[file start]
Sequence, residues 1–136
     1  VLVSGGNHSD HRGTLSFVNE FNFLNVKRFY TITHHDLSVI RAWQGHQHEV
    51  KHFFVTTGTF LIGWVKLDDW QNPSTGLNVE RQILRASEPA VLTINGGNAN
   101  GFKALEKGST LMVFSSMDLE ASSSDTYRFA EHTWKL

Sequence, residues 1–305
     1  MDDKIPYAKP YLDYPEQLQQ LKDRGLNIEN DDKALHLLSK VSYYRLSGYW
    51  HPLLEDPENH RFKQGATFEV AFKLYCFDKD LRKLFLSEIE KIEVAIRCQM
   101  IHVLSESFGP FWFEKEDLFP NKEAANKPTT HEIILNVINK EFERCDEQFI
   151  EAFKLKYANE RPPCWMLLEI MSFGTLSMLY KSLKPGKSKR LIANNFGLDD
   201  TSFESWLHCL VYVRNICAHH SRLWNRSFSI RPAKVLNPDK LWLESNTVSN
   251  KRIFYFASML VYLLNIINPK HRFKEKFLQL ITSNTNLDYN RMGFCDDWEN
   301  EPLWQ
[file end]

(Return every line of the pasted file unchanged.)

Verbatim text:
Sequence, residues 1–136
     1  VLVSGGNHSD HRGTLSFVNE FNFLNVKRFY TITHHDLSVI RAWQGHQHEV
    51  KHFFVTTGTF LIGWVKLDDW QNPSTGLNVE RQILRASEPA VLTINGGNAN
   101  GFKALEKGST LMVFSSMDLE ASSSDTYRFA EHTWKL

Sequence, residues 1–305
     1  MDDKIPYAKP YLDYPEQLQQ LKDRGLNIEN DDKALHLLSK VSYYRLSGYW
    51  HPLLEDPENH RFKQGATFEV AFKLYCFDKD LRKLFLSEIE KIEVAIRCQM
   101  IHVLSESFGP FWFEKEDLFP NKEAANKPTT HEIILNVINK EFERCDEQFI
   151  EAFKLKYANE RPPCWMLLEI MSFGTLSMLY KSLKPGKSKR LIANNFGLDD
   201  TSFESWLHCL VYVRNICAHH SRLWNRSFSI RPAKVLNPDK LWLESNTVSN
   251  KRIFYFASML VYLLNIINPK HRFKEKFLQL ITSNTNLDYN RMGFCDDWEN
   301  EPLWQ